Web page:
Wisdom of the Ages
In this chapter, Dr. Ross laments the idea that biblical creationists have published saying that for the balance of church history, the church has taught and believed in a recent creation. Dr. Ross gives examples of scholars from the 1st – 4th centuries that had doubts of the six day creation.
- Philo – “It is quite foolish to think that the world was created in six days or in a space of time at all.”
- Justin Martyr- Dr. Ross mentions Martyr, but not why he believes Martyr questioned the teachings of scripture.
- Hippolytus – from Dr. Ross “most of his writings have been lost. What scholars have recovered gives no explicit indications of what he believed about the duration of the creation days or about the dates for creation beyond his statements that humans have resided on Earth for only several thousand years”
- Eusebius – from Dr. Ross “However, nowhere did Eusebius address the universe’s or Earth’s creation dates or the length of the Genesis days.”
- Ambrose – “Scripture established a law that twenty-four hours, including both day and night of one day should be given the name of day only, as if one were to say the length of one day is twenty-four hours in extent.”
If those are the scholars upon which Ross is relying to build a case that the church has historically held an old earth view in contradiction to the “young earth” view, he is sorely lacking in having built a case to favor his view. Instead of constructing an airtight case that the church has historically held to an old earth view, his outliers didn’t really help his case.
In deafness to his own plea from chapter 1 not to be disrespectful to those Christians with whom he disagrees, on p42 Dr. Ross is disrespectful to those with whom he disagrees:
Now what man of intelligence will believe that the first, and the second, and the third day, and the evening and the morning existed without the Sun, Moon, and stars?
For an astronomer and astrophysicist, I would have expected Dr. Ross to know that the definition of a day is simply “a single rotation of the Earth on its axis”, but instead he mocks biblical creationists for their understanding of scripture’s teaching that there were days prior to the creation of the sun. This is not a problem at all for biblical creationists. From looking through scripture (2 Cor 4:6, Isa 60:19, Micah 7:8, Rev 21:23), it is not a stretch to say that God provided the necessary light until on day 4, He placed his created light sources in the heavens to bring Him glory.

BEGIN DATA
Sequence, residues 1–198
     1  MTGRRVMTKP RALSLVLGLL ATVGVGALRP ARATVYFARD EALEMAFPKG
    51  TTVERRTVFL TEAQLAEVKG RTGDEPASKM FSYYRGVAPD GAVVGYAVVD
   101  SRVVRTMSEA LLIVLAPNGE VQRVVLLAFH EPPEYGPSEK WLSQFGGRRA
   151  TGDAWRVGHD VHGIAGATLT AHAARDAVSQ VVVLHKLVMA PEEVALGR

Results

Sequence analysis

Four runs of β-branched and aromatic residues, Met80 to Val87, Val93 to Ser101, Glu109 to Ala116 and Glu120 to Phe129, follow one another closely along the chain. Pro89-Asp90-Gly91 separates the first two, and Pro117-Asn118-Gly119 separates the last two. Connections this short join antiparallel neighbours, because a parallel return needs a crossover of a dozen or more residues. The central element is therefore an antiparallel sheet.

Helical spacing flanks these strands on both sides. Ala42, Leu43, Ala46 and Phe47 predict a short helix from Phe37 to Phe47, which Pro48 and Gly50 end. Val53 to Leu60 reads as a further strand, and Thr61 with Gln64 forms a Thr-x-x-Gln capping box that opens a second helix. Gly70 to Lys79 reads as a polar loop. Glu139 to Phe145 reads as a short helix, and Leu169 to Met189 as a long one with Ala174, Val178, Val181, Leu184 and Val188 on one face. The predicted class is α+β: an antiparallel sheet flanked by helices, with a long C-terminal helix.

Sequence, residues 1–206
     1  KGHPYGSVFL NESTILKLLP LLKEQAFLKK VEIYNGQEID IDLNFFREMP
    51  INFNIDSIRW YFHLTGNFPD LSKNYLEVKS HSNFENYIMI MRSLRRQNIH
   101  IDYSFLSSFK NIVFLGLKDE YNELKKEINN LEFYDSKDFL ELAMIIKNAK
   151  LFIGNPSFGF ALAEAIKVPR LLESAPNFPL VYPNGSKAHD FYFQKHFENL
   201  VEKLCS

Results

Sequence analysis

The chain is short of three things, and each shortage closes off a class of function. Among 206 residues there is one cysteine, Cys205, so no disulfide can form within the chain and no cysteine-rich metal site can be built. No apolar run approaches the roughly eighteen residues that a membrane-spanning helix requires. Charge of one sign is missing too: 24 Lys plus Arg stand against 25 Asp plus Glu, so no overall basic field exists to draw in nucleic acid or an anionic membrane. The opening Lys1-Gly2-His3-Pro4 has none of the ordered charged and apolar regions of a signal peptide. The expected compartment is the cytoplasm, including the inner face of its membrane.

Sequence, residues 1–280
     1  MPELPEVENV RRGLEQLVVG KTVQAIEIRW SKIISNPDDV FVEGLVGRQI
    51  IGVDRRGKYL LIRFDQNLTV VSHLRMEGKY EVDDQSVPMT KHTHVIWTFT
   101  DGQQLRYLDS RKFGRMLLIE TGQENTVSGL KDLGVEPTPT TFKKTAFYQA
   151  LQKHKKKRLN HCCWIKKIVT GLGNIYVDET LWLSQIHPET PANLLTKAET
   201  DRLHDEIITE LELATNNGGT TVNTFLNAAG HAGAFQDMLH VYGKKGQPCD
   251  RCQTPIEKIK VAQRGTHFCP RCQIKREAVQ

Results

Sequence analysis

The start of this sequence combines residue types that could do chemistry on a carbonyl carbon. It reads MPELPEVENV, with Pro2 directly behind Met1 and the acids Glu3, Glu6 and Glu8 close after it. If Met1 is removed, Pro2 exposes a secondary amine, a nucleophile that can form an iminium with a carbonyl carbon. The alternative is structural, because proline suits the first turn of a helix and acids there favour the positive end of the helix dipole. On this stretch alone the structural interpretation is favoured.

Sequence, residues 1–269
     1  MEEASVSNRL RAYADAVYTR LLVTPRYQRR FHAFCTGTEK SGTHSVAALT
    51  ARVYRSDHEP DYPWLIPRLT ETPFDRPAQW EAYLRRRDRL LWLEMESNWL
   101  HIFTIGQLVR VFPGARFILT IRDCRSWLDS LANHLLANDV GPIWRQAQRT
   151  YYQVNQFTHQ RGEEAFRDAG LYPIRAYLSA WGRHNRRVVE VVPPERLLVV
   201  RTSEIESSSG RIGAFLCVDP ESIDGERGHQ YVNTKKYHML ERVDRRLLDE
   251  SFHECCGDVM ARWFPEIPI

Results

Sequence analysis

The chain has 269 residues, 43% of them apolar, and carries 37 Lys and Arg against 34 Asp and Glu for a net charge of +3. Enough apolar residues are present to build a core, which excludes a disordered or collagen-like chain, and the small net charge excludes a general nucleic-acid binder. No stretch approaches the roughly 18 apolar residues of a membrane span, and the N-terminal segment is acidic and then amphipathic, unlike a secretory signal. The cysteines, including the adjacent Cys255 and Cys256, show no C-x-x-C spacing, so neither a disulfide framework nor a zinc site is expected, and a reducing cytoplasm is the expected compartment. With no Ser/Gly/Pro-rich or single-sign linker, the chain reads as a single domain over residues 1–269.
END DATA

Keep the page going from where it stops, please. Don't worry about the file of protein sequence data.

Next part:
The problem is for the old earthers, who must account for billions of years prior to the sun/earth standard for defining a year.
- How do the old earthers calibrate a year without the emergence of the sun/earth pair that defines a year?
- What were time units called before the sun/earth combination?
- How do they know there were almost 10 billion years…or ambiguous time units prior to the stellar objects necessary for the definition of a year actually existed?
- They have a genuine problem with time, whereas the biblical creationist does not.
A few pages later on p45, Ross continues his analysis of the early church fathers when he writes:
They wrote long before astronomical, geological, paleontological evidence for the antiquity of the universe, Earth, and life had been discovered.
Since he is trying to build a case that the universe is old instead of young, rather than actually building a case here, he simply states it. This is the fallacy of affirming the consequent.
Chapter 4 was both short in length and short on compelling arguments for Dr. Ross.